Grandma

(2015) *** R
79 min. Sony Pictures Classics. Director: Paul Weitz. Cast: Lily Tomlin, Julia Garner, Marcia Gay Harden, Sam Elliott, Laverne Cox, Judy Greer, John Cho.

/content/films/4831/1.jpg"You know, you need to be able to say, ‘Screw you’ sometimes.” That’s the hard-earned lesson a grandmother passes down to her granddaughter in Paul Weitz’s Grandma, tailor-made for the great Lily Tomlin. At a compact 80 minutes, Grandma is built only to go so far, but with a willful briskness—and a grand old dame star—that propels it along. Like the not-so-compact 1955 Dodge Royal Lancer Tomlin’s character drives, Grandma suffers worrying engine trouble, but unlike the car, the cinematic vehicle keeps revving back to life, enough to arrive soundly at its destination.

Tomlin plays Elle Reid, a feminist poet and sometime professor whose twilight years find her stewing in depression and anger. Elle’s 38 years of precious memories of longtime companion Vi have vied with current girlfriend Olivia (Judy Greer) and won: Elle ruefully dumps her decades-younger former student at the film’s outset. Just at this vulnerable moment, Elle’s granddaughter Sage (Julia Garner of The Perks of Being a Wallflower) arrives to beg a loan of $630 to pay for an abortion. Die-hard feminist Elle doesn’t think too hard before committing to help, but the momentarily cash-and-credit-poor Elle will have to call in every last favor, bite every last bullet, and maybe even bury a hatchet or two to find the money.

The tightly contained road trip that follows lines up an increasingly impressive series of guest stars to tangle with Tomlin and slowly unfold Elle’s backstory. After making a scene with a barista (John Cho) and shaking down the baby daddy (Nat Wolff), Elle plies friends of varying degrees (the late Elizabeth Peña, Laverne Cox) before crawling to the real hard cases: the mystery man (Sam Elliott) in this lesbian’s closet and, in a foregone conclusion, the woman between Elle and Sage, “Ma” Judy (Marcia Gay Harden).

The early scenes self-consciously work to establish Elle’s cranky bona fides, from the As Good As It Gets playbook of no-nonsense, potty-mouthed elders. As expert as comic performers come, Tomlin can toss off this shtick in her sleep, but once she’s going to toe-to-toe with Elliott (who’s having a heckuva year in movies and on TV) and the always-on-fire Harden, it’s game on for the stars and writer-director Weitz (About a Boy, Admission) , and at last we get the deeply felt, nuanced performances promised by the film’s nascent Oscar buzz. Yeah, the circumstances are contrived, but easy enough to accept as long as they’re forcing interesting dynamics into seriocomic confrontation.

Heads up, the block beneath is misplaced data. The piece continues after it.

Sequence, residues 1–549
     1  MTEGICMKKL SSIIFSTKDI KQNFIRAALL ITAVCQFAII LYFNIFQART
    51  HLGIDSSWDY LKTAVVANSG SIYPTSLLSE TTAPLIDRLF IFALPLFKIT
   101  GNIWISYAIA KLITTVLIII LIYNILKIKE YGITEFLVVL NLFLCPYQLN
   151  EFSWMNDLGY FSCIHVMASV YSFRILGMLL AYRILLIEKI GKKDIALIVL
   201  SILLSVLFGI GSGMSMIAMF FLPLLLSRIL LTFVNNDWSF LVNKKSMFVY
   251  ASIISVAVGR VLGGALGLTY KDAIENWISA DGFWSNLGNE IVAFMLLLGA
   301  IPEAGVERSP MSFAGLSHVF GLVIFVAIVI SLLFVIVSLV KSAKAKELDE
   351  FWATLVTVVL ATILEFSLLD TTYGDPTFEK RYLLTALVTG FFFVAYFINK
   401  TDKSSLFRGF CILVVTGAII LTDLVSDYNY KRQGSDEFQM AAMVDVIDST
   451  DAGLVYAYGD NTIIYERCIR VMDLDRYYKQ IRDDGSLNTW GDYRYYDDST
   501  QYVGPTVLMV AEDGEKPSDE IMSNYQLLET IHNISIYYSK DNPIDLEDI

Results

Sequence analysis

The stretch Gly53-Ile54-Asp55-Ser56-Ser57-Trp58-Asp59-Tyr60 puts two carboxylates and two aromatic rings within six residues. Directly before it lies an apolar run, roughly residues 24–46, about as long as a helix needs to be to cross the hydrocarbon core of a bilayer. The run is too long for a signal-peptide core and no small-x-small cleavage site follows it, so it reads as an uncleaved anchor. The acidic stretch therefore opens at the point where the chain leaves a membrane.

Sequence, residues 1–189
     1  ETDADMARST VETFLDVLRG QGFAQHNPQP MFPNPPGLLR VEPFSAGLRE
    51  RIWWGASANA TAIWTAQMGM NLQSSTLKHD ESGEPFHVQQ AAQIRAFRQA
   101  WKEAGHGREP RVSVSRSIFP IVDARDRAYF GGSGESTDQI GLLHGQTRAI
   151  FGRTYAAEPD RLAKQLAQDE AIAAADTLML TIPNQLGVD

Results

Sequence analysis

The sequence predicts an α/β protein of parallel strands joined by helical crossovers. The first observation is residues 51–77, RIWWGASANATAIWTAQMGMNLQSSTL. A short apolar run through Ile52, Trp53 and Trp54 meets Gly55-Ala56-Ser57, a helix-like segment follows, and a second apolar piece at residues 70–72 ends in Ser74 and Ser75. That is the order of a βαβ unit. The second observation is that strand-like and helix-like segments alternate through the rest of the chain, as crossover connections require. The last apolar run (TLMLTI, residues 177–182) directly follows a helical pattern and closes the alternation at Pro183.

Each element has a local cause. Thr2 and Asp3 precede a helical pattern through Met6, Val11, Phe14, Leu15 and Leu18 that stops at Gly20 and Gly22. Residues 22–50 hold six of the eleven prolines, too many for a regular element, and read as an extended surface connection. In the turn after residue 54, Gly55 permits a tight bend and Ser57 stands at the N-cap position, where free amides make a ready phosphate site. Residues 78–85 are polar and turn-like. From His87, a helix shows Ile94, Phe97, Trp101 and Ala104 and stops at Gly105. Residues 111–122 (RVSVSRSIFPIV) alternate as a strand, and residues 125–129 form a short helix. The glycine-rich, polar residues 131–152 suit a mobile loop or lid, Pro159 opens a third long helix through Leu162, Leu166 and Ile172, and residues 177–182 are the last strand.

Grandma looks at abortion from both practical and emotional vantage points, without dwelling on the politics (though those are cartooned in a silly exchange outside a clinic). In point of fact, the pro-choice picture is about life choices in general: the mistakes, the canny choices, the good luck and the bad that we tend to make for ourselves. Whenever this reflective rubber meets the narrative road, this road picture gets traction for Tomlin and company, and for the audience. Besides, if Grandma were nothing more than an excuse to make a picture with national treasure Tomlin in every scene, that’d be enough for most of us.

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Bluray

Aspect ratios: 1.85:1

Number of discs: 1

Audio: DTS-HD Master Audio 5.1

Street date: 2/9/2016

Distributor: Sony Pictures Home Entertainment

Sony send home Grandma in a Blu-ray special edition that features a beautiful, richly hued, convincingly filmic transfer and top-notch audio. Detail is outstanding, with well-calibrated contrast, solid black level, and discernable textures, handily handling even the toughest of visual challenges (the fine mesh of a screen door) with no sign of digital artifacts. The DTS-HD Master Audio 5.1 mix doesn't get tested much by the source material, but it's a definitive presentation nonetheless, with a bit of ambience to go along with the gently effective score and always well-prioritized dialogue.

First among the extras is a feature commentary with Lily Tomlin, Sam Elliot, Julia Garner and director Paul Weitz that entertainingly brings together in one room the principal cast and their director to talk through their experiences making the film and, in Weitz's case, initiating the project. Tomlin discusses what she brought to the set from her own life, and we get a fairly intimate account of life on the set from all involved as they play off of each other.

The surprisingly in-depth "A Family Portrait: Making Grandma" (25:15, HD) features production stills, film clips, and extensive interview clips of Weitz, Elliott, Garner, Judy Greer, producer Andrew Miano, and producer Terry Dougas.

"Q&A with Lily Tomlin, Sam Elliott and Director Paul Weitz" (20:58, HD), moderated by Pete Hammond of Deadline, offers yet more discussion, including that prompted by audience questions following a screening.

Rounding out the disc is the film's "Theatrical Trailer" (2:06, HD).

 

Review gear:
Panasonic Viera TC-P55VT30 55" Plasma 1080p 3D HDTV
Oppo BDP-93 Universal Network 3D Blu-ray Disc Player
Denon AVR2112CI Integrated Network A/V Surround Receiver
Pioneer SP-BS41-LR Bookshelf Speaker (2)
Pioneer SP-C21 Center Speaker
Pioneer SW-8 Subwoofer

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